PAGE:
Psychology - Social Sciences - 17.09.2020
Child neglect linked to teen pregnancy
Children who experience neglect are seven times more likely than other abuse victims to have a teen pregnancy say University of Queensland researchers. A study of the long-term impact of child abuse and neglect found that neglect was one of the most severe types of maltreatment when compared to emotional, sexual and physical abuse.

Social Sciences - Pharmacology - 14.09.2020
Dramatic increases in vaping marijuana, nicotine among US college students, young adults
Vaping marijuana and vaping nicotine have increased dramatically among 19-to-22-year-olds, with both more than doubling between 2017 and 2019, according to the University of Michigan's annual U.S. national Monitoring the Future Panel Study. In addition, use of marijuana in any form in 2019 among young adults was at or near the highest levels seen over the past four decades.

Chemistry - Social Sciences - 11.09.2020
To recreate ancient recipes, check out the vestiges of clay pots
The residue in these seven La Chamba pots retained evidence of all the meals prepared in them. (Photo courtesy of Melanie Miller) If you happen to dig up an ancient ceramic cooking pot, don't clean it. Chances are, it contains the culinary secrets of the past. A research team led by UC Berkeley archaeologists has discovered that unglazed ceramic cookware can retain the residue of not just the last supper cooked, but, potentially, earlier dishes cooked across a pot's lifetime, opening a window onto the past.

Health - Social Sciences - 11.09.2020
Testing the deceased could provide additional surveillance methods during pandemic
Testing for the coronavirus on those who have died could supplement other forms of surveillance and serve as a possible early outbreak warning sign, say University of Michigan researchers. "This kind of surveillance could be really useful and serve as an inexpensive testing method, especially in urban areas,” said Andrew Brouwer, an assistant research scientist at U-M's School of Public Health.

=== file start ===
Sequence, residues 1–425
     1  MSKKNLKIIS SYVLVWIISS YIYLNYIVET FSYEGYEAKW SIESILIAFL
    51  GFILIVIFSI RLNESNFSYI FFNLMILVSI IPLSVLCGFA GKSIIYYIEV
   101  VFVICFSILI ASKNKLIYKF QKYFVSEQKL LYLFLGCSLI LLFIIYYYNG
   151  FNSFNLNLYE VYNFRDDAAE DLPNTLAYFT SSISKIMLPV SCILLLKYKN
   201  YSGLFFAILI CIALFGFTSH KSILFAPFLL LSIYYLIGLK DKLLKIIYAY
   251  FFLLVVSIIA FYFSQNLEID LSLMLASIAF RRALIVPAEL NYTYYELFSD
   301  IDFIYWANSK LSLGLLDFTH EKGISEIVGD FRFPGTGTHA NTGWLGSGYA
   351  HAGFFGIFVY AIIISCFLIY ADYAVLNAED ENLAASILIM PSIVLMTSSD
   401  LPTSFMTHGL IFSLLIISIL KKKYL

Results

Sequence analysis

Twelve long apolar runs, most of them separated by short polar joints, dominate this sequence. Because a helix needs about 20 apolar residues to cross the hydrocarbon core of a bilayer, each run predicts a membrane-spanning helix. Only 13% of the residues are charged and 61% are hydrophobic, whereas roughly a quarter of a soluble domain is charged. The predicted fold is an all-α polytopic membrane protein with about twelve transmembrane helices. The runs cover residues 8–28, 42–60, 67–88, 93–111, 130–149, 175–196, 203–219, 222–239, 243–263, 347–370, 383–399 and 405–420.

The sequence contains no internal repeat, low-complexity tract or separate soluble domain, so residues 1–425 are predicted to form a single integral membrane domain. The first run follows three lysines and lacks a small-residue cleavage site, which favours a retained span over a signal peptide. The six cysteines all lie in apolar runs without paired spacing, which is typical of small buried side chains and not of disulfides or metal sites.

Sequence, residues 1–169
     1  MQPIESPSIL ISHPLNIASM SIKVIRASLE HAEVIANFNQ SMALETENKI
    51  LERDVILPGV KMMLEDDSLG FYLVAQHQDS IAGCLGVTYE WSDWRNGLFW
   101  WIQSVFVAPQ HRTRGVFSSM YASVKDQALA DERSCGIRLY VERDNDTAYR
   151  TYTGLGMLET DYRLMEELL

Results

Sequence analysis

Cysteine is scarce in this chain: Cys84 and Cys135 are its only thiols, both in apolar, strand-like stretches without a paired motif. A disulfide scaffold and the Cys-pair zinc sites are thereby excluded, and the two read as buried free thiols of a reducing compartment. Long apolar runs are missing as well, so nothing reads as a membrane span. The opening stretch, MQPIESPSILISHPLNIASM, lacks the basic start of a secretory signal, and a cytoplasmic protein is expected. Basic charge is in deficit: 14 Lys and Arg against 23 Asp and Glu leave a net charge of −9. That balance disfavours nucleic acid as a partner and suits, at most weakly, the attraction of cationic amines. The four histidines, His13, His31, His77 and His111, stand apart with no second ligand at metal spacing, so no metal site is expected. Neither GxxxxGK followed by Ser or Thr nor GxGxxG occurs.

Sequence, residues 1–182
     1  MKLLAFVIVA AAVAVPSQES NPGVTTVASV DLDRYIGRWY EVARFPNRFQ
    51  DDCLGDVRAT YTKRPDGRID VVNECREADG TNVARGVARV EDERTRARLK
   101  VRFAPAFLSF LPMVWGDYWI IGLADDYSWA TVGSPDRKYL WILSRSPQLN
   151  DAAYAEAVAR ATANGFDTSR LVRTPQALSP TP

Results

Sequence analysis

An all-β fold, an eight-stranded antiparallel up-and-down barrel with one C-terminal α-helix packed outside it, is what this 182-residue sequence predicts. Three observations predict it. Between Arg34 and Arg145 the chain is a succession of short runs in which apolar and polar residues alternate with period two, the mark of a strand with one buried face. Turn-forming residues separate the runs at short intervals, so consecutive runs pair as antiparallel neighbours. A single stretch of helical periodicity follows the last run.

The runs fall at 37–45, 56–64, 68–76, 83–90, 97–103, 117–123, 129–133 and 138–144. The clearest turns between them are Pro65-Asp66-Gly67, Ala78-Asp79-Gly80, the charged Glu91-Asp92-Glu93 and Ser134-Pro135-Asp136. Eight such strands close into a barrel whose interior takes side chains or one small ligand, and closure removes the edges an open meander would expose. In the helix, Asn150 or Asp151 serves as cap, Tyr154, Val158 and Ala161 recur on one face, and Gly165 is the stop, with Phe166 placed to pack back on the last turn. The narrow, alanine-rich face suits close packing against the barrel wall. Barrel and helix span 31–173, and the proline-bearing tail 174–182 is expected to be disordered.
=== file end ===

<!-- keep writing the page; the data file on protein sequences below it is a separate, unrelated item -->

Health - Social Sciences - 11.09.2020
How can we get pupils and staff back-to-school safely during COVID-19?
Ensuring pupils and staff stay safe when they return to school this autumn is a major challenge because there is very little scientific evidence on the incidence and transmission of COVID-19 within schools. A ground-breaking research project will test whether 5,000 staff and pupils have active or past COVID-19 infection, develop systems to help schools prevent and cope with an outbreak and assess strategies to support the mental wellbeing of the school community now and moving forward.

Health - Social Sciences - 08.09.2020
Lockdowns increase domestic violence and potential harm to fetuses
The coronavirus pandemic is exacerbating domestic violence, particularly among low-income families. Research by Maya Rossin-Slater finds that babies born to mothers who experience an assault during pregnancy are more likely to weigh much less and be born prematurely - resulting in long-term deficits in health and well-being.

Social Sciences - 04.09.2020
Five years later: the Balkan route of 2015 was an exception
Research report led by Göttingen University reconstructs the Balkan route based on the experience of 500 refugees The research report -Border Experiences and Practices of Refugees - by the EU project -Multi-level Governance of Mass Migration in Europe and beyond ( RESPOND) - provides a unique documentation of the experiences of refugee-migrants with the borders of Europe.

Social Sciences - Economics / Business - 04.09.2020